Comparison Of Land Line And Mobile Phones Computer Science Essay

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No one can ever forget Alexander Graham Bell, who is credited as the inventor of "Telephone". With innovation and advancement in technology, the simple two way communicating device has taken a new form popularly known as "mobile phone". We have reached an era where it is very common to hear words like "I can't live without mobile phone". Cell phone has become a part of our daily life.. Let it be business deals, any personal work or meetings everything today can be done with the help of mobile phone.

A Mobile Phone, Cell Phone or Hand Phone is an electronic device which lets the user to be mobile and make or receive telephone calls across a wide geographical area, served by many public cells. The calls could be made to and received from either a fixed line or another mobile. Mobile phone uses a wireless network for communication i.e. a network which is which is not connected by cables of any kind.

Base Station (BS).Each base station is in turn is connected to a central hub and is controlled by this switching office, also known as Mobile Switching Center (MSC). MSC is nothing else but a computerized center that is responsible for connecting calls, recording call information and billing. The communication between all the base stations and the telephone central office is coordinated by MSC. PSTN connects all conventional telephone switching centers with MSCs throughout the world.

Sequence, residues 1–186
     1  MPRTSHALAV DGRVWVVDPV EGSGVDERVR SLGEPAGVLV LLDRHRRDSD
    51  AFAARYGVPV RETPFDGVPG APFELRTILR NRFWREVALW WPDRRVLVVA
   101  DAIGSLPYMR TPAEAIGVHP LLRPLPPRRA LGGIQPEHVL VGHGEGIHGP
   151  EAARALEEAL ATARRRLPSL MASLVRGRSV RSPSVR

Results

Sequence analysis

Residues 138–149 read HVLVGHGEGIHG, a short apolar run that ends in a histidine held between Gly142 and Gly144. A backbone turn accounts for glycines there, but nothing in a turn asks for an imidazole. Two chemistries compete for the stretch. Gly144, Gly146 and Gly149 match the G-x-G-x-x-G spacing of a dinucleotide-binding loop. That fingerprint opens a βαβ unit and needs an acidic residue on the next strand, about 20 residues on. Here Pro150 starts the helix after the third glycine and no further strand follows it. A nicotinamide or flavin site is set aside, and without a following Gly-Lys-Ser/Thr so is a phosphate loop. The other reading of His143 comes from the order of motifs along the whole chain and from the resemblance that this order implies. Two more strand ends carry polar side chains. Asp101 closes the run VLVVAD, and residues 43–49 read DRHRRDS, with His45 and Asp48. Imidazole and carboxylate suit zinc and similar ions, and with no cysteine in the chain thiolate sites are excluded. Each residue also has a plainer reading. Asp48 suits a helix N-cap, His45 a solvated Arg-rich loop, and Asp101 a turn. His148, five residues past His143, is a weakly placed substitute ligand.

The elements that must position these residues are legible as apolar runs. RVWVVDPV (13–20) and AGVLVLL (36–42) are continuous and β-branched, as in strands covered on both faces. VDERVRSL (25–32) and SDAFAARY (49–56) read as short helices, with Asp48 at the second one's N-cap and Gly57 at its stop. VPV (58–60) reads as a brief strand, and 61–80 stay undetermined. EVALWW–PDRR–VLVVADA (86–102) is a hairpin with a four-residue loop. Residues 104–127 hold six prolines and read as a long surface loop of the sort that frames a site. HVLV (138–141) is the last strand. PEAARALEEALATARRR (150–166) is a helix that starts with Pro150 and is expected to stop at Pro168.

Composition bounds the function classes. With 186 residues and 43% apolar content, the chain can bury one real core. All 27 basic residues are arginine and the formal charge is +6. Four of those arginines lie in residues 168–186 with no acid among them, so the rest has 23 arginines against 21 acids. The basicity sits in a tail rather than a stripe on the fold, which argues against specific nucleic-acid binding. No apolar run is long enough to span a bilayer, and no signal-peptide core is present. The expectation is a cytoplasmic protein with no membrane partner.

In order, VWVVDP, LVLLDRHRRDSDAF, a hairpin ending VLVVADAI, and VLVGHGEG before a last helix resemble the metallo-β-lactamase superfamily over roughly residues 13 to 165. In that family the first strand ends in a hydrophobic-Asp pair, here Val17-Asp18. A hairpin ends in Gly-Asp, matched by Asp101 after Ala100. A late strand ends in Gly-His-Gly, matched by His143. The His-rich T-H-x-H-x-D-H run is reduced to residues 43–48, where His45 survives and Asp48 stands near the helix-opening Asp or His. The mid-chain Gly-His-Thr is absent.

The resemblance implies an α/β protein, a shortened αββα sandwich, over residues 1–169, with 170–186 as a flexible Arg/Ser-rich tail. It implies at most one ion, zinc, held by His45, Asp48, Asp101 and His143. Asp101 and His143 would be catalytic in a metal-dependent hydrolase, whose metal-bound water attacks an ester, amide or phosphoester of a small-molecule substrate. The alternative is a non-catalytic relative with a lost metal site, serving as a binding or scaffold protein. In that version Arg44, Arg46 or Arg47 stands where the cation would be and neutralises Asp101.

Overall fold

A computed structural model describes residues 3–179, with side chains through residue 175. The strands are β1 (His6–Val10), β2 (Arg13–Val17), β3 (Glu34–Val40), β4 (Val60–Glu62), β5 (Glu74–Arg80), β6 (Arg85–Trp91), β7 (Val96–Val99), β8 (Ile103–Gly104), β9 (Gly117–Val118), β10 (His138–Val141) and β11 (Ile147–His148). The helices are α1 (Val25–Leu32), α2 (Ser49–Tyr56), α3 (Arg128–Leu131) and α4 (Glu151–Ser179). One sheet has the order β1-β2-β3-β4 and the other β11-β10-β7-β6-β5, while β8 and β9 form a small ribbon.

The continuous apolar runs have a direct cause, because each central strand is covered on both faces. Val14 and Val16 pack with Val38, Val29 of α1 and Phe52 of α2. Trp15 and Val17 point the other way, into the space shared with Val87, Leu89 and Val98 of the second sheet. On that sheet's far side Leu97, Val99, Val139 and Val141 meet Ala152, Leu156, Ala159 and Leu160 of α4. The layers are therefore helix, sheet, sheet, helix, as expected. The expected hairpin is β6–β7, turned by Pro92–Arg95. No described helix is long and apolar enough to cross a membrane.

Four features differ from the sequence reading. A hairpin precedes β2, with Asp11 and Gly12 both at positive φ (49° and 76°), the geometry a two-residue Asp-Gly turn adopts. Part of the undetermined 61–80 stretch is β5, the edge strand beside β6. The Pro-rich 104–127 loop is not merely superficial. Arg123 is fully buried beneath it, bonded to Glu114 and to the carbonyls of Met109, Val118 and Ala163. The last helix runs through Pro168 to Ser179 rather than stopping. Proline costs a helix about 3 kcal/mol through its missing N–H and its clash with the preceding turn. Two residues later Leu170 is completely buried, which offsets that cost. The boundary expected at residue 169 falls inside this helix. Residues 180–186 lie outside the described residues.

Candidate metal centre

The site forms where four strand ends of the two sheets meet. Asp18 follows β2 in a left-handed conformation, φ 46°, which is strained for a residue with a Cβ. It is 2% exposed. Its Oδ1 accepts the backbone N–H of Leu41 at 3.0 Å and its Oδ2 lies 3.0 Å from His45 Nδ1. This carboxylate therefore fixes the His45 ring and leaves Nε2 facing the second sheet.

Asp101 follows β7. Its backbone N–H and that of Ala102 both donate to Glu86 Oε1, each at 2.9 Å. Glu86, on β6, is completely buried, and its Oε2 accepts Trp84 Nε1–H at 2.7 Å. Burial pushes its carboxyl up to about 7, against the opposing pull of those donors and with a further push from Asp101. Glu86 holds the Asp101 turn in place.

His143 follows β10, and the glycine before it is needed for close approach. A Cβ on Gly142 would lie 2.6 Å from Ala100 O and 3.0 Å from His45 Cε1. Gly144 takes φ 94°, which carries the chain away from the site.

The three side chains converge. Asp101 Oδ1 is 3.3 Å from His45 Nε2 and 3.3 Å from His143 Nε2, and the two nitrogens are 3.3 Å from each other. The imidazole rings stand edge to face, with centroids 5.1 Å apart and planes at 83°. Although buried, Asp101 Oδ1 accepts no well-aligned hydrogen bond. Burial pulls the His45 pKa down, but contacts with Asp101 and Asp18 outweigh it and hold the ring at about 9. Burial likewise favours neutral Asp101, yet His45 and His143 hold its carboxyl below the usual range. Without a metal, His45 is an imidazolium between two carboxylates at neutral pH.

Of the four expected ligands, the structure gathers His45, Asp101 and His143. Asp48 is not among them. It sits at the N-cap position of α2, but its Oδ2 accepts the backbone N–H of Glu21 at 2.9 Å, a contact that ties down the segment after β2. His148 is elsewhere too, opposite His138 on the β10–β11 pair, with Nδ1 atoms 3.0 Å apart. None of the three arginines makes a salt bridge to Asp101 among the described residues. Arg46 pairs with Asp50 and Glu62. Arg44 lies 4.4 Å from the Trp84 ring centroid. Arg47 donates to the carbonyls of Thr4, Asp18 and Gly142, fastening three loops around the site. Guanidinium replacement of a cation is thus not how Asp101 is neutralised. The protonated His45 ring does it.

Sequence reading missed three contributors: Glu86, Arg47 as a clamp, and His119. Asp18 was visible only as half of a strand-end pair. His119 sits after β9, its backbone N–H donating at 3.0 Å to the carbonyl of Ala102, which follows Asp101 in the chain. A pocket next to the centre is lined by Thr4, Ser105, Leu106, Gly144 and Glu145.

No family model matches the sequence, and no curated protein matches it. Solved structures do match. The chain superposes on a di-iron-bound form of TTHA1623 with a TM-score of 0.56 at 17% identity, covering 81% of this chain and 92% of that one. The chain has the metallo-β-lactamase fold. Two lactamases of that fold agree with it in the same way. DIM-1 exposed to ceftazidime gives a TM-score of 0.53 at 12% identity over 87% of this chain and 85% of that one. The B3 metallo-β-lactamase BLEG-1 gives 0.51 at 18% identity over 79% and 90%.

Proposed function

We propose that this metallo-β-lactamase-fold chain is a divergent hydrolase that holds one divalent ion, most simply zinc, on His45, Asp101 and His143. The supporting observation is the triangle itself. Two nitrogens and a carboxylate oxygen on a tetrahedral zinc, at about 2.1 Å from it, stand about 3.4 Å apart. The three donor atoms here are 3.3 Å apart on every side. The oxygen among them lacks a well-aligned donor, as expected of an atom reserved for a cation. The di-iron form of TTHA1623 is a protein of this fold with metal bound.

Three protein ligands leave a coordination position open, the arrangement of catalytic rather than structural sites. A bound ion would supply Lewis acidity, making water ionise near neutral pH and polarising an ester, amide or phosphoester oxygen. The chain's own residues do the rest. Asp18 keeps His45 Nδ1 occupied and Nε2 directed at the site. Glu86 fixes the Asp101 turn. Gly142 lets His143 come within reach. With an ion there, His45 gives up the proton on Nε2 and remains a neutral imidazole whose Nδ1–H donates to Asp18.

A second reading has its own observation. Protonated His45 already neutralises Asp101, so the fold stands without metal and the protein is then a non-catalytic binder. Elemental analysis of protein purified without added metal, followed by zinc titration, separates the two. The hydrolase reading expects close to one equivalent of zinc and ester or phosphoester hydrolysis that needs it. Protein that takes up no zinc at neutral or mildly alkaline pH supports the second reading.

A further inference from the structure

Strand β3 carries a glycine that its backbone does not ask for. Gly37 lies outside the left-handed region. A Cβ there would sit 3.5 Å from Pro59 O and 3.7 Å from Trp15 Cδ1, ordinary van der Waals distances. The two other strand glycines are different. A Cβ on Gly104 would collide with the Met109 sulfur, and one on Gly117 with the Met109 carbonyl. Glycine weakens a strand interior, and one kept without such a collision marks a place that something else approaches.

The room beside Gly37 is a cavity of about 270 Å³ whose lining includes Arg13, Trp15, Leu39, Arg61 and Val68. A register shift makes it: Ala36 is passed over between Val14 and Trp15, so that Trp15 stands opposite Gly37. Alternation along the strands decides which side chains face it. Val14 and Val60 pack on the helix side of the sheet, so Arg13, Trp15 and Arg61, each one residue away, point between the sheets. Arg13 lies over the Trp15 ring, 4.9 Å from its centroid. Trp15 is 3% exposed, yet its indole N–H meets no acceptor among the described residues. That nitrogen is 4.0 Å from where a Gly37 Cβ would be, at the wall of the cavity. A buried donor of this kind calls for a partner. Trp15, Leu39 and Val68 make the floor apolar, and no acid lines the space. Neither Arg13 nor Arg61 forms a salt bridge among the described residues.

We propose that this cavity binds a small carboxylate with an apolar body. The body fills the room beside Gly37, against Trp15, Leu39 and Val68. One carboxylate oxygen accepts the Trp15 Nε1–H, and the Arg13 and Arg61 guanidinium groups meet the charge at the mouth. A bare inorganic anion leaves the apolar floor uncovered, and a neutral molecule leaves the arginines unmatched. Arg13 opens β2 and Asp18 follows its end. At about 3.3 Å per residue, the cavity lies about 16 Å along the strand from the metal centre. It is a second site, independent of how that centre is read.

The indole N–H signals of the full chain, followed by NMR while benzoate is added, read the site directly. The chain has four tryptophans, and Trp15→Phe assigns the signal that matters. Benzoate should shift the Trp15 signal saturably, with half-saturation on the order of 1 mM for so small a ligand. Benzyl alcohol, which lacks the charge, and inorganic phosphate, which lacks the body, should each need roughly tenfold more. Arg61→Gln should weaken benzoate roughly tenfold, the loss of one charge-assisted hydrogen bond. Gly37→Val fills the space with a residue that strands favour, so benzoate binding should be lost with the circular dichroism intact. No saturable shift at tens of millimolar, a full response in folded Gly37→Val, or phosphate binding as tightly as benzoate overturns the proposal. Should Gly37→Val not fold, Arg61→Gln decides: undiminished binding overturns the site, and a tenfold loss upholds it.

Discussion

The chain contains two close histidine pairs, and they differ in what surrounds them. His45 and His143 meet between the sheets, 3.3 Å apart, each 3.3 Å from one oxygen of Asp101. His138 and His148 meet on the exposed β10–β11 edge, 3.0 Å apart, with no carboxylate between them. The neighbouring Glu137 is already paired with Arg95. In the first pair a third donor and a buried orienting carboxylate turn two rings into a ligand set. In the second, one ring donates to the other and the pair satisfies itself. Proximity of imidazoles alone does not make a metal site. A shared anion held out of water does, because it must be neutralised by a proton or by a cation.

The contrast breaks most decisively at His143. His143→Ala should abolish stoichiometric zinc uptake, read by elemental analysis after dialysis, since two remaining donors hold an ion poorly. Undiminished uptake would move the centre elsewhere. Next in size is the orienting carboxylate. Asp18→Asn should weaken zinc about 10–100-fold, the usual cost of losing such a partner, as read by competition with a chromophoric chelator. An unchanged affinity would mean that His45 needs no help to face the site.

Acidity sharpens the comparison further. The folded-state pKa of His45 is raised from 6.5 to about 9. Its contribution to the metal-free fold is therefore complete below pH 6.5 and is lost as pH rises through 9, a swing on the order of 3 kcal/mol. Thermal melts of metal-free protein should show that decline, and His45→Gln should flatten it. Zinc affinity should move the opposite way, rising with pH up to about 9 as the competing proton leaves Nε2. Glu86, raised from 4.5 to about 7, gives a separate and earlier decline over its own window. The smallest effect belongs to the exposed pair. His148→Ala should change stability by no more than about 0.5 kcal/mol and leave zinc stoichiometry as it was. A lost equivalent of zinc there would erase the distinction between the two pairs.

Also, the cell size is not fixed and can be increased or decreased depending on the population of the area. Generally, the radius is kept 1 to 12 mi. In comparison to low density areas, high density areas require more geographically smaller cells to meet the traffic demands. Once the cell is determined, the cell size is optimized so that the adjacent cells signals are not interfered. For this purpose, the transmission power of each cell is kept low to prevent its signal from interfering with those of other cells.

Block Diagram of cellular Network

Difference between Fixed Line and Mobile Phone

In case of public switched telephone network (PSTN), the landline trunked lines (trunks) are used for transfer of information. These trunks comprise of fiber optic cables, copper cables, microwave links and satellite links. The network configuration in the PSTN is virtually static as the changes in the network connections would be required only when the subscriber would change the residence. Wireless networks, on the other hand are highly dynamic, wherein the network configuration is to be rearranged every time the subscriber moves into the coverage region of new base station. Unlike fixed networks which are difficult to change, wireless networks must reconfigure themselves for users within small intervals of time (on the fraction of seconds) to provide roaming and imperceptible handoffs between calls as a mobiles moves about. The available channel bandwidth for fixed networks can be increased by installing high capacity cables whereas wireless networks are constrained by RF cellular bandwidth provided for each user.

Frequency Reuse Principle

Increasing the capacity and coverage area is the key feature of any cellular network and this can be accomplished by re-using the frequency. It is true that to avoid interference, neighboring cells should not use same frequency but as the frequencies available is limited, they can be reused. A frequency reuse pattern is nothing else but a collection of N cells arranged together where N is the reuse factor, in which each cell uses a unique set of frequencies. The frequencies can be reused whenever the pattern is repeated.